Related: F.I.R.E For Non-Frugal People
What Is Barista F.I.R.E.?
Barista F.I.R.E. is one of the more creative branches of the F.I.R.E. movement. This method involves saving and investing to create an income that can cover some of your expenses.
However, you choose to take on a part-time job to fund the rest of your expenses. In many cases, people choose this path in pursuit of affordable healthcare options through an employer.
If you're tired of your current job, then Barista F.I.R.E. could be the way out you’ve been looking for.
What Is Coast F.I.R.E.?
Coast F.I.R.E. is the final type of F.I.R.E. that we’ll talk about today. Essentially, Coast F.I.R.E. involves retiring at the traditional age of 65. However, the individual would have enough money saved and invested to assume the funds would grow to cover their retirement.
For example, let’s say that you save $200,000 by the time you're 30. If you assumed a 6% rate of return, then you would have $1,337,217.36 when you were 65.
Based on that projection, you could determine that you'll have enough available to fund your retirement. And with that goal complete, you might decide to never invest another dime as you ‘coast’ to retirement.
How Does F.I.R.E. Work?
The concept of F.I.R.E. boils down to the idea of boosting your savings rate to accelerate your progress towards the big goal of funding your retirement. You can choose to approach the challenge by earning more or spending less.
But ultimately, you’ll need to increase your savings rate in one way or another. With these savings, you can invest to reach your 'retirement number.'
Typically, members of the F.I.R.E. movement choose their retirement number based on the 4% rule. That means these retirees plan to withdraw 4% of their total investments each year. For example, if your retirement portfolio’s value was $900,000, then you could withdraw $36,000 per year based on the 4% rule.
You’ll need to decide for yourself if you're comfortable with the 4% rule. Some choose a more conservative approach with a 3% withdrawal rate. Others overestimate their intended retirement expenses to stay on the safe side.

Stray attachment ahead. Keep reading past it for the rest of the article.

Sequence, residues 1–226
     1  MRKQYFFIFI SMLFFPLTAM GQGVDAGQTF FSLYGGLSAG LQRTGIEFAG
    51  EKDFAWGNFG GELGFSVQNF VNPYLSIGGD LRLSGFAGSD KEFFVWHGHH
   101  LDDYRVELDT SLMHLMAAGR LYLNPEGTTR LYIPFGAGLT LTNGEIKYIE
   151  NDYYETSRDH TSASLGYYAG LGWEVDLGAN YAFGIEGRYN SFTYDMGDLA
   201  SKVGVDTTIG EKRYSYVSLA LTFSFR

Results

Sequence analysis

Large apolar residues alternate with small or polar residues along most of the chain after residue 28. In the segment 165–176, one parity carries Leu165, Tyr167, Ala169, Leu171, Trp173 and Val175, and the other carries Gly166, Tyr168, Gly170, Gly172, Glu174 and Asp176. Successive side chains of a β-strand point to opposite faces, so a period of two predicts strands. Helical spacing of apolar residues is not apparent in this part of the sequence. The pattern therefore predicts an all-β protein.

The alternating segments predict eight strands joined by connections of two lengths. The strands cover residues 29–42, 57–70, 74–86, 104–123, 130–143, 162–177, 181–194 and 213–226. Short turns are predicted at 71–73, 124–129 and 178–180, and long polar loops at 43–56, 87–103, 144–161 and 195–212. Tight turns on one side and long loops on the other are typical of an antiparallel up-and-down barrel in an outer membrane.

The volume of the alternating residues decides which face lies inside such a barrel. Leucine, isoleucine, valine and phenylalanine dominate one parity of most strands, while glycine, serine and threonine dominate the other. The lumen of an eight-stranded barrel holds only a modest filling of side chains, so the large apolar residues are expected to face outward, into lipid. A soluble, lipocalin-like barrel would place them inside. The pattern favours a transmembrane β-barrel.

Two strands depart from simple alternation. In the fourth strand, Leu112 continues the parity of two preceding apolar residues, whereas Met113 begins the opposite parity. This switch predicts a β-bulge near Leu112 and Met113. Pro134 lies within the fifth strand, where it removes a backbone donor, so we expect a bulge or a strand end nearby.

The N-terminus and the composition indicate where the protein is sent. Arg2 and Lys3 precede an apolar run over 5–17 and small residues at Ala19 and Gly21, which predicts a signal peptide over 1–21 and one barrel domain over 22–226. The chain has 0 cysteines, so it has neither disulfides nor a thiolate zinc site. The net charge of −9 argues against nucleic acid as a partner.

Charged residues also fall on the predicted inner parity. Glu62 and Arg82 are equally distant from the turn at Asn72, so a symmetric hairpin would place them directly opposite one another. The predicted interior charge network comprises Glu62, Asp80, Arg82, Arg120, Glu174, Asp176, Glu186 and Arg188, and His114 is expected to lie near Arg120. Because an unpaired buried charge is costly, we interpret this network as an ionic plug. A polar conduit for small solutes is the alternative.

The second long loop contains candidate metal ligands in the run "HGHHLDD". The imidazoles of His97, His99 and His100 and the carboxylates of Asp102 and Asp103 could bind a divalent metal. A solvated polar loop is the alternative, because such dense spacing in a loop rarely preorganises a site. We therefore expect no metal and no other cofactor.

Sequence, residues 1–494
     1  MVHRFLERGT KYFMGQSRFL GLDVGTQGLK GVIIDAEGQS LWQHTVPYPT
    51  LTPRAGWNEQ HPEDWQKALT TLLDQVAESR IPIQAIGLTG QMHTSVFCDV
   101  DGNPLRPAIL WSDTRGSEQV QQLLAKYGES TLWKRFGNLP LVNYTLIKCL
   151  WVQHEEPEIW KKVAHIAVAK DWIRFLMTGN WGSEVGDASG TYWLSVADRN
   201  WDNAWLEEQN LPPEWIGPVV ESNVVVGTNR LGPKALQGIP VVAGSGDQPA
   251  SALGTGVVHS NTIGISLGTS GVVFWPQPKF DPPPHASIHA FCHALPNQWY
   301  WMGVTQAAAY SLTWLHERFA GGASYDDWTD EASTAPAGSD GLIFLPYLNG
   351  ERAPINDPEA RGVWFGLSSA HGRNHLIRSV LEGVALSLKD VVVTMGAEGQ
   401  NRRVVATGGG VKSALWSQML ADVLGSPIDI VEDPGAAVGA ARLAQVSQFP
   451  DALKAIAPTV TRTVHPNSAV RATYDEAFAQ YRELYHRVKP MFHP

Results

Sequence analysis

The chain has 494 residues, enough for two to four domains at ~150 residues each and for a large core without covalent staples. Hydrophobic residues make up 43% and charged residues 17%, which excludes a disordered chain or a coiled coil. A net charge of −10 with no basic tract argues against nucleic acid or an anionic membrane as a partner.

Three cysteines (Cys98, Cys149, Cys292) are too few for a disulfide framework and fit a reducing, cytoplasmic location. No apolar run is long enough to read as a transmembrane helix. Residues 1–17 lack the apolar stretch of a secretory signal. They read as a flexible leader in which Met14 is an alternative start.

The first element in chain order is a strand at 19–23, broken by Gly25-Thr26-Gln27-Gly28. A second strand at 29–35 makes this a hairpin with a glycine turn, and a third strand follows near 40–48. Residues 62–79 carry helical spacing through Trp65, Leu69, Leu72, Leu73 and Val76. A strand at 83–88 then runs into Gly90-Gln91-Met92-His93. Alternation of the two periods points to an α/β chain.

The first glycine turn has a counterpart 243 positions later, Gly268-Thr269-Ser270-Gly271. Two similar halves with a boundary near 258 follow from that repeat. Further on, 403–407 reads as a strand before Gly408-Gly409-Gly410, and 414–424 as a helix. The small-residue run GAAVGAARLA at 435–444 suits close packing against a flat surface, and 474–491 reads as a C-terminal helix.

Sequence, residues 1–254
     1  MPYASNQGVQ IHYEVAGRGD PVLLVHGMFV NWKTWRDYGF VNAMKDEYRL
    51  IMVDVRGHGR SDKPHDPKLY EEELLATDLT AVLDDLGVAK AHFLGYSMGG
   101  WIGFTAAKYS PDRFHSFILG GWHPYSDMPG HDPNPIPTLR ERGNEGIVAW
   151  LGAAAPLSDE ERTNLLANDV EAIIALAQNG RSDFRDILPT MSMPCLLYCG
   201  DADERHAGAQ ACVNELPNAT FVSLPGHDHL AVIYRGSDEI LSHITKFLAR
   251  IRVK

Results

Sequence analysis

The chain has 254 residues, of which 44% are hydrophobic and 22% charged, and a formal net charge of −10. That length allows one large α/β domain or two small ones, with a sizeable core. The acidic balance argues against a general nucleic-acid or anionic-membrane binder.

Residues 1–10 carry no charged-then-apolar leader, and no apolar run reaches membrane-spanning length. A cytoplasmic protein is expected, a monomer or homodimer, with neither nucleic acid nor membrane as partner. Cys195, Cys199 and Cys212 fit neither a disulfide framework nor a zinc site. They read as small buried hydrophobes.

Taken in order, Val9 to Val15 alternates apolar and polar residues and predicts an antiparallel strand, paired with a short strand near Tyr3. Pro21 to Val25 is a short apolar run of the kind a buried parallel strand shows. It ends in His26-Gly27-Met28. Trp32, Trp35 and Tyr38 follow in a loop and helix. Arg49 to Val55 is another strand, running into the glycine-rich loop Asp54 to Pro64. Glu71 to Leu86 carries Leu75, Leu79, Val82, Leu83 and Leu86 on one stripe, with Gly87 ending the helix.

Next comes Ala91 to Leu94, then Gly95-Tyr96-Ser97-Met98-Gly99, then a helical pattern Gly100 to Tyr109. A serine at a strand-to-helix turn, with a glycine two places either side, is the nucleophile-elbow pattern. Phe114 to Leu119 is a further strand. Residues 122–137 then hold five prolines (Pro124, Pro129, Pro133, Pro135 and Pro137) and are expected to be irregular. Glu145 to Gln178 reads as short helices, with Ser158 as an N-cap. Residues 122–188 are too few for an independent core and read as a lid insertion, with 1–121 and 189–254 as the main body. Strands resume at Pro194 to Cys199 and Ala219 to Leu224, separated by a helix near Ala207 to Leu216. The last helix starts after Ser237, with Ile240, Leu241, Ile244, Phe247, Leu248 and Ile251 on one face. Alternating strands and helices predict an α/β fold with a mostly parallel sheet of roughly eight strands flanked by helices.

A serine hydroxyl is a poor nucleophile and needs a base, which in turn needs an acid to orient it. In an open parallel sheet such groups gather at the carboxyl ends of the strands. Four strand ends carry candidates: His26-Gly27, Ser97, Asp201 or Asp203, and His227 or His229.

Once you achieve your retirement number, you can choose to leave work altogether. Or you may decide to transition into a new field that you enjoy. Either way, you'll rely on your investment withdrawals to fund your expenses.
Is The F.I.R.E. Movement Realistic?
As you learn about the F.I.R.E. movement, it's reasonable to be skeptical. After all, we’ve been told all of our lives that the retirement age is 65 and it's a challenge to save for that milestone. Is it really possible to retire early?
The short answer is yes. It's absolutely possible to retire early and many achieve this ambitious goal. However, it's important to realize that this path isn't easy. It will take a whole new way of thinking to boost your savings rate in pursuit of F.I.R.E.
If you go down this path, I encourage you to stay flexible and build some wiggle room into your F.I.R.E plans. Consider what you're willing to do to make this goal a reality. Don’t be afraid to make adjustments along the way. The good news is that choosing to build savings of any kind will bring more options into your life.
Only you can decide whether or not the F.I.R.E. movement is right for you. But if the idea of pursuing financial independence intrigues you, you'll want to think through the guiding principles of each flavor of F.I.R.E. to pick the one that best fits your personality and goals.
No matter which of the F.I.R.E. options you choose, investing the money you save will be key to your success. If you haven't started investing yet, you might want to read through our guide to investing in stocks. Or if you think it's time to look for a new investing platform, check out our favorite stocks brokers and robo-advisors.
Will you be pursuing F.I.R.E? Let us know!
Sarah Sharkey is a personal finance writer covering credit cards, mortgages and student loans. She has written for numerous finance publications, including MagnifyMoney, Business Insider and ChooseFI. Her blog, Adventurous Adulting, helps young adults get a handle on their finances.